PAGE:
Tuesday, July 6, 2010

Topic #1 Declaration of Independence

Lesson # 4 – The Declaration lays the foundation of the confederation and eventually the constitution.

The founding fathers laid down the foundation to what was to become the United States in the words they chose in the Declaration of Independence (DOI). Although the DOI is not statute (law), it is fundamental to help us understand the context in which our federal government was to be built upon. It outlined a belief in a God, Divine Providence and natural law, individual rights not hereditary or class consideration, the importance of free flowing commerce (free markets), limited taxation and limited central government, and the need for a security structure to protect the sovereign states.

The values of our nation are found within the Declaration and provides excellent context for the Articles of Confederation and the final version of our U.S. Constitution. When you read the constitution you find addressed within the document many of the grievances outlined in the Declaration.

These grievances directly quoted from the DOI are specifically addressed within the final version of the constitution:

“For imposing Taxes on us without our Consent”
“For quartering large bodies
of armed troops among us or depriving us in many cases, of the benefit of Trial
by Jury”
“He has affected to render the Military independent of and superior
to the Civil Power”
“He has erected a multitude of New Offices, and sent
hither swarms of Officers to harass our people and eat out their substance”
“He has made Judges dependent on his Will alone for the tenure of their
offices, and the amount and payment of their salaries”
“He has forbidden his
Governors to pass Laws of immediate and pressing importance, unless suspended in
their operation till his Assent should be obtained; and when so suspended, he
has utterly neglected to attend to them”
“For cutting off our Trade with all
parts of the world”
“For taking away our Charters, abolishing our most
valuable Laws and altering fundamentally the Forms of our Governments"
“For suspending our own
Legislatures, and declaring themselves invested with power to legislate for us
in all cases whatsoever”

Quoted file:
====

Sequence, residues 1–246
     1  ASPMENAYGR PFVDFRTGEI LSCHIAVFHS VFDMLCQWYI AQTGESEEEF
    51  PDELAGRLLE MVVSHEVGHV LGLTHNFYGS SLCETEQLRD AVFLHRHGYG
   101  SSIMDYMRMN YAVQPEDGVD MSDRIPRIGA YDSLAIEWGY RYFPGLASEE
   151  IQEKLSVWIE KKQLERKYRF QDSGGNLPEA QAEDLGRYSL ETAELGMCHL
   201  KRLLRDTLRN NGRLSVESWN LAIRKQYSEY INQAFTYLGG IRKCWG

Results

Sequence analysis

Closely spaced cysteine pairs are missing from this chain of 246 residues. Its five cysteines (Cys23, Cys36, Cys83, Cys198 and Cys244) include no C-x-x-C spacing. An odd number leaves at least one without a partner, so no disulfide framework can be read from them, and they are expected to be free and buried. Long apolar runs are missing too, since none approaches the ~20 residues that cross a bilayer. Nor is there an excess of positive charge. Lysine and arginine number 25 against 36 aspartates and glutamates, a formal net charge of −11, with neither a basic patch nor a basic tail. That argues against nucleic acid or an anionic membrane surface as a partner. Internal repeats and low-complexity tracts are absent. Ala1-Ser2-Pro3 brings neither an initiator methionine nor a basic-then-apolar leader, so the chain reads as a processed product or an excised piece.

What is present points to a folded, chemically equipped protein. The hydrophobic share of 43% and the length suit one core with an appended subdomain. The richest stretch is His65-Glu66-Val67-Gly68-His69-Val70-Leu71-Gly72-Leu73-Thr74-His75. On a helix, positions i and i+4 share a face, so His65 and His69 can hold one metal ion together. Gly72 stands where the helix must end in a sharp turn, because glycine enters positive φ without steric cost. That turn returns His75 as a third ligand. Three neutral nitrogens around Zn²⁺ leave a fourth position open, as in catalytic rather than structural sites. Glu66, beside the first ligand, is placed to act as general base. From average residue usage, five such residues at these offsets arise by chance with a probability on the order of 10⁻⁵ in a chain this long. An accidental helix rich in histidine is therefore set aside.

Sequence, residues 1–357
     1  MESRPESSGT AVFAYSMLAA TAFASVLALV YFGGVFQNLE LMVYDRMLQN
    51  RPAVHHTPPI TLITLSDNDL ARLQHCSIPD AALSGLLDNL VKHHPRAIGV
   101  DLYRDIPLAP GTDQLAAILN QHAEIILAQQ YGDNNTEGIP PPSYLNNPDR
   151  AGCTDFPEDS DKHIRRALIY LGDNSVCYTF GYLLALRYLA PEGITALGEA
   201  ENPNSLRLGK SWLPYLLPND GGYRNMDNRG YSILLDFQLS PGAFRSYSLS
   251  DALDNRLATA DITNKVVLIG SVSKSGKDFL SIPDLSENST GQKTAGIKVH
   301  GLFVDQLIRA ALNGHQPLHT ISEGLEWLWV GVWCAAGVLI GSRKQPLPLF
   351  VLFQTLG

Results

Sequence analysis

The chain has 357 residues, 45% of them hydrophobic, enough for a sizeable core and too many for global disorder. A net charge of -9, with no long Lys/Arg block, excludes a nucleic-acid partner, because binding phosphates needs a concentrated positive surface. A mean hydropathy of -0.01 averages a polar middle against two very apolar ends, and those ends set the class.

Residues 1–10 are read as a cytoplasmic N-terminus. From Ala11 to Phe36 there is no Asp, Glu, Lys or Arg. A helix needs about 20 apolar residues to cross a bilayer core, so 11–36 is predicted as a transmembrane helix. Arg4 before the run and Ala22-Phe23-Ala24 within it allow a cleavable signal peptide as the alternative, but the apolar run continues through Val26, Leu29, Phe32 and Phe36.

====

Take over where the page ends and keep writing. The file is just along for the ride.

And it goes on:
“He has plundered our seas,
ravaged our coasts, burnt our towns, and destroyed the lives of our people”

These grievances are all addressed in the constitution but more importantly they give us the context in which our founders viewed a central government. From the balance of powers, right to a trial by jury, and what became the final amendment in our Bill of Rights, the tenth amendment, we start to understand that what the founders were attempting to do was to limit the central government and balance it so it would never again dominate the several states.

As we continue to look at our founding and constitution, we will revisit the Declaration to give us context to the founding principles that survived the final draft, and we will see how important the DOI is to our long standing principles.

There were many arguments around the final version of the constitution. Every one of the arguments was measured against the impact those words and sentences would have on individual liberty, state’s rights, religious freedom, moral values, free trade and security.

It is often overlooked that for ten years after independence our states were engaged in an agreement called the Articles of Confederation. This confederation of independent states was considered perfectly acceptable for many Americans at the time. There were only a handful of exceptions, including the all important security of the several states that were seen too weak and in need of more definition. Understanding the weaknesses of the AOC will help with additional context for our analysis of the intent of constitutional powers granted to the federal government.

It was a miracle that the constitution was written, agreed upon, and eventually ratified. The specific amendments to insure ratification (Bill of Rights, specifically the tenth amendment) need to be understood to address the way our federal government operates today.

All of the founding documents are timeless. Reading the founding documents in the context of their day gives us the foundation necessary to argue against a growing federal government in context today. The principles are the same, only the names have changed that are feverishly trying to “transform” our nation into a body politic our founders would find repulsive…

No comments: